I’d started traveling before the pandemic began. It was exciting and scary at the same time to start teaching English online, but when I realized what kind of freedom it would give me, I just went all the way from Russia to Chile and then to Colombia. I’m going to Panama next week.

Check out 9 reasons to become an online English teacher.

  • That the work and travel concept is possible!

Let’s be honest, it’s not for everyone. I have to organize my trips, my classes, find a budget accommodation with internet, work on my school (Idioma Zone), organize my routine while moving every couple of weeks, and try to have some fun from time to time too. But, if you learn how to organize it all, you’ll be blessed to have this kind of life that everyone is dreaming about. It’s totally worth it!

  • To just let it go!

The year 2020, in particular, taught me a good lesson: Not everything depends on me. Sometimes, no matter how hard you try, it’s just not going to happen. What do we do? Move forward! Relax, it’s fine, there are always many other options. Just look around, and try to stay flexible in any situation.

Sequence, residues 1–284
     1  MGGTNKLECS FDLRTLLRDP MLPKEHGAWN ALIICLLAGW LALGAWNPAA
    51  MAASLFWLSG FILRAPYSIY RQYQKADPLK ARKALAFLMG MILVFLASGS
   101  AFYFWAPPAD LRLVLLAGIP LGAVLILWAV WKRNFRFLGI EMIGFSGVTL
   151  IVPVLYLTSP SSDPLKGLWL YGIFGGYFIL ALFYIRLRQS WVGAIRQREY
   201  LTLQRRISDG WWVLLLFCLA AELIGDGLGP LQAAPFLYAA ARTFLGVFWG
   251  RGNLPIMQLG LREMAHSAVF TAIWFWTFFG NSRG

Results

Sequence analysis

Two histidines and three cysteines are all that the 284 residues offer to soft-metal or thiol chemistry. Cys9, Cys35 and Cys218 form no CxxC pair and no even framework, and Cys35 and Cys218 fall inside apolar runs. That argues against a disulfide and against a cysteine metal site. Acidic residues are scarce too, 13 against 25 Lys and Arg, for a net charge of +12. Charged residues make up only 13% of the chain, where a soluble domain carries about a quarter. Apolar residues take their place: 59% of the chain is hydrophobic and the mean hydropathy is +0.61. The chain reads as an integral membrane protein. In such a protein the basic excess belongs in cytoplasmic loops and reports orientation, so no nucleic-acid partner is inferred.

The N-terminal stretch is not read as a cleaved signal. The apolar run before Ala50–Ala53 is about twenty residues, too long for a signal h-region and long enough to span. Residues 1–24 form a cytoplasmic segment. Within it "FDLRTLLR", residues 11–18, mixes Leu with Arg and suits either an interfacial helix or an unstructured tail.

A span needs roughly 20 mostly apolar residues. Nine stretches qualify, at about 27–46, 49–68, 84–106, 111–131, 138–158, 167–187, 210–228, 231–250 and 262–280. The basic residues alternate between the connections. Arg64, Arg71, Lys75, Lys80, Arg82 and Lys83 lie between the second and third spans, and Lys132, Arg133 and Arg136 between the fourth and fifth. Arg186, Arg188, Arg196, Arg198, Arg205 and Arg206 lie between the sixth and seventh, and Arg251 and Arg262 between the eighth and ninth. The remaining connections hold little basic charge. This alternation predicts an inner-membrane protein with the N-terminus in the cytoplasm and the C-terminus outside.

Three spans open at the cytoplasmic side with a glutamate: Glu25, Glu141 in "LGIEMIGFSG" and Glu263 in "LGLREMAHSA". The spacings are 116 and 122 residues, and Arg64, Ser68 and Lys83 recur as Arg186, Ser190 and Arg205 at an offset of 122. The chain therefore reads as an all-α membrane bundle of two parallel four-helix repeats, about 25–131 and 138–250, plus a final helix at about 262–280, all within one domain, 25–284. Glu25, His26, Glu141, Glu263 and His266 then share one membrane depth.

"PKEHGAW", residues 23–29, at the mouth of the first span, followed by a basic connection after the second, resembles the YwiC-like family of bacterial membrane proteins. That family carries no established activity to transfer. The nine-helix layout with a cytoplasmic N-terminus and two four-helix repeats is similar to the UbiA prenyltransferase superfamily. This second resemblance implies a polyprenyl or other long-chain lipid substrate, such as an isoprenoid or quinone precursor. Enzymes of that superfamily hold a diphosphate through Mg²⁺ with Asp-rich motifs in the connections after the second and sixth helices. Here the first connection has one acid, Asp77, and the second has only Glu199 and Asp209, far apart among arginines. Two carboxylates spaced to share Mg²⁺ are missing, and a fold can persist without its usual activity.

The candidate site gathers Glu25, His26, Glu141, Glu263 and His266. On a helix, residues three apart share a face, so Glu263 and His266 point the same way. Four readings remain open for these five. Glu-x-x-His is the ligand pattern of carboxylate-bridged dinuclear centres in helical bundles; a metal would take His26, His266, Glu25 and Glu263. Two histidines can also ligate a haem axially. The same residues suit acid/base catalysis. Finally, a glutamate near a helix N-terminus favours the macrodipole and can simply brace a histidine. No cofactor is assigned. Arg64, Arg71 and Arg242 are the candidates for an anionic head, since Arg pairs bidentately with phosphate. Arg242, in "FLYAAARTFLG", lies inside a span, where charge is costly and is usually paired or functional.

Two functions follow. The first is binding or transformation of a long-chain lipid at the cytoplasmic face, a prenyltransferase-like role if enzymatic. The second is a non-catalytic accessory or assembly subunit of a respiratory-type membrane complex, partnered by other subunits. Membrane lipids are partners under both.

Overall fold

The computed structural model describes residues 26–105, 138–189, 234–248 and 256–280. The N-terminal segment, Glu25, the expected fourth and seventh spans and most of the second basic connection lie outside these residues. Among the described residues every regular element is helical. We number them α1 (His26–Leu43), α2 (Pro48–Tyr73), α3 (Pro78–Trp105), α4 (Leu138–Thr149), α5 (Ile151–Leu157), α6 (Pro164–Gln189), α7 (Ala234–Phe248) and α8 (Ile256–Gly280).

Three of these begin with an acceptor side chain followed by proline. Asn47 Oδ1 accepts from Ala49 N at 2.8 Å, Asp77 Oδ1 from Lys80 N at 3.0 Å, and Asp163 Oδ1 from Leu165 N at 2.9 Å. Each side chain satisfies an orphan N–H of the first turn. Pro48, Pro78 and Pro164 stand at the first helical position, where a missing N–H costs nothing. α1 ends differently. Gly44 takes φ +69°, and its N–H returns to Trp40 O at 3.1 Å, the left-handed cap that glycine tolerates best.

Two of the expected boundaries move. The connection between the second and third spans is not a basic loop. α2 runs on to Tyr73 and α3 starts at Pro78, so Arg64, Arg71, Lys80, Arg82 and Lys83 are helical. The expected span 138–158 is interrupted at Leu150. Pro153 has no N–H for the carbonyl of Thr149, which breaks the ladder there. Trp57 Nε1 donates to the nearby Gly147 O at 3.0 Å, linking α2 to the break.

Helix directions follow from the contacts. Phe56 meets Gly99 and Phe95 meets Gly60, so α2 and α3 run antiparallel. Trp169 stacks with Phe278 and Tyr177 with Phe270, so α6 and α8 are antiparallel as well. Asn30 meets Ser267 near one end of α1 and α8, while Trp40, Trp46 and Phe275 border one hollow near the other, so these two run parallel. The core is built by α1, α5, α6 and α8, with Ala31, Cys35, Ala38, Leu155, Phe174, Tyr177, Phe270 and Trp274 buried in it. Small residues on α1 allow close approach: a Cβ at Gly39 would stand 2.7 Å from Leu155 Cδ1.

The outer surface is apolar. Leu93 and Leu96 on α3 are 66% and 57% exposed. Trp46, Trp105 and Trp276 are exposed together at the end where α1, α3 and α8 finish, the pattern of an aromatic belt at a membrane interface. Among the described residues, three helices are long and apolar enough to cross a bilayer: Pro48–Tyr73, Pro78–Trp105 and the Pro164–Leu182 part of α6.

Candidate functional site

Learn more about Vera’s experience as a global ESL teacher!

ESL teacher

Mari Breedlove

Bridge grad Mari has been teaching English online for several years and has lived in four different countries. She currently resides in a small town in Scotland, just an hour away from Edinburgh. She shares what she wishes she’d known before becoming a digital nomad and how the pandemic has affected her job.

I wish I’d known…

  • That the more students you have, the harder it is to keep track of bookings.

Like many people, one of my biggest worries when the pandemic began was the effect it would have on me professionally. As things have progressed, my bookings while teaching English online have fluctuated greatly, but all in all, have never been negatively impacted by COVID-19. On the contrary, it has at times proved overwhelming to keep track of the number of students I have booked in a week.

Keep these tips in mind:

1. Stay organized — and make sure you are taking enough time for yourself, as burnout is real when you have the option of working so many hours.

2. Stay up to date on government and school regulations regarding openings and closings of the schools your students attend. This will change the hours your students will take your lessons.

3. Offer group lessons when possible to allow students to pay less for classes and help you retain your income.

Find out more about attracting and retaining students as a freelance online English teacher.

  • That I’d need to stay informed on travel restrictions.